The Republican government relied on armed anarchist unions to suppress the anti-government rebellion in rural Aragon. These organizations subsequently filled the political and administrative vacuum left by the bloodletting, although their efforts to “revolutionize” the local economy only served to further polarize factions within rural communities and raise the level of tensions between neighbors even higher. The most powerful of these groups in 1936 was the CNT (Confederación de Trabajo). Its affiliates served on sixty-six of the eighty-three new municipal councils created in the region and the mayors of twenty-three municipalities in Aragon were members of the CNT. Its closest political rival was the UGT, with representatives in forty-three councils and sixteen mayors. These union-based parties were followed by Izquierda Republicana, which had representatives in eighteen municipal councils, the Socialist party with representatives in five, the Communist Party with representatives in three, and Unión Republicana with representation in only one. (4)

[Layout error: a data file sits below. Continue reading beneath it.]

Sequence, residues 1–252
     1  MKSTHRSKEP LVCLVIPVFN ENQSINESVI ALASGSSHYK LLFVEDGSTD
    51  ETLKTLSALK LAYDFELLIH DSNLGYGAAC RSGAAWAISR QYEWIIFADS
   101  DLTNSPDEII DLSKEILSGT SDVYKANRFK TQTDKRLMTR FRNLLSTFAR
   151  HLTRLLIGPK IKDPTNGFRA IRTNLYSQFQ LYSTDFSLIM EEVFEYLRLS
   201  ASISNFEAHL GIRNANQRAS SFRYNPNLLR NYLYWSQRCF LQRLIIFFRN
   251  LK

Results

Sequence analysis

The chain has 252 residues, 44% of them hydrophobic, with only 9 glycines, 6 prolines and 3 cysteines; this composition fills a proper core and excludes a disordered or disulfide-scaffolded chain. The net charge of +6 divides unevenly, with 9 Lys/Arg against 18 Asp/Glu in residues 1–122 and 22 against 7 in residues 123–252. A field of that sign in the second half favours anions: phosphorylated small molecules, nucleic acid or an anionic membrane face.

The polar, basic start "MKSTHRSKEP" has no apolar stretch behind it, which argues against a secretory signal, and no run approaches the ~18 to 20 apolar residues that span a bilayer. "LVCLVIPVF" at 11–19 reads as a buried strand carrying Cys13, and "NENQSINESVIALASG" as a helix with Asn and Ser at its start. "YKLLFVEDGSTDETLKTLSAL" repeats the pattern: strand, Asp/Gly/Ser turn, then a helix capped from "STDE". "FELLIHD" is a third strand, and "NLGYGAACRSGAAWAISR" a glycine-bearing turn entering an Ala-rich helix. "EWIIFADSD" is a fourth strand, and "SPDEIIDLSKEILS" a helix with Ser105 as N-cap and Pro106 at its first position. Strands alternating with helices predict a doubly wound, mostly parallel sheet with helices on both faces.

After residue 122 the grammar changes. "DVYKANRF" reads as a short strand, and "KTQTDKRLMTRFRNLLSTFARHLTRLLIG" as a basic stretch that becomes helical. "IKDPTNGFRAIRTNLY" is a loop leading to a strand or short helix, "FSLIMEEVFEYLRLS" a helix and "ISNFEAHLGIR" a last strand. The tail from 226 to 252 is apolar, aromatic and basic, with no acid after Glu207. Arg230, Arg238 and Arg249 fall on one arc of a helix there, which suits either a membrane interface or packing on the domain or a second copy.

Representatives of the CNT and the FAI (Federación Anarchista Ibérica) formed an administrative council, the Consejo de Aragón, which quickly set about reorganizing rural Aragonese society, establishing farming collectives and a barter system, negotiating commercial agreements to meet local needs with industries in other provinces of Spain and abroad, and creating a regional bus service that connected towns throughout the province; in short, attempting to create a regional agrarian utopia that undermined private commerce and was to a great extent incongruous with the central government’s efforts to put down the military uprising. This video (with English voiceover and subtitles), which includes an interview with two former CNT militants now in their 90s, provides a general picture of the issues at stake and documents the CNT’s tendency to devote more energy to its rearguard peasant revolution than the frontline battle against the well-trained and disciplined insurgents. The Consejo, which was often at odds with other political parties and factions in the region, broadly overstepped its authority to carry out regional government functions related to information, propaganda, commerce, transport, public order and justice, and labor and began to staunchly defend its “indisputable right . . . to direct its own affairs in conformity with its characteristics, political temperament and the economic field (sic).”(5) a posture that clearly signaled its pretensions to serve as a permanent, independent authority in the province. In the summer of 1937, President Nerin dispatched several battalions of the International Brigades under the command of Enrique Lister to Aragon to disband the Council and bring some order to the region in preparation for a major offensive on the Ebro. The government in Madrid hoped to divert some of the Nationalist forces that were closing in on Santander and eventually capture the city of Saragossa, the communications hub for the greater part of northern Spain. The anarchist Council of Aragon, which had uncharacteristically imposed a collective social model, meekly turned authority over to the Communist General Enrique Lister, who uncharacteristically returned all collectivized property back to its original owners and went on with preparations to secure positions along the Ebro front. One of the towns that lay in this new area of operations along the Ebro was Belchite, strategically situated on a high plain 50 kilometers from the provincial capital and defended by a corps of 2,000 Nationalist troops.(6)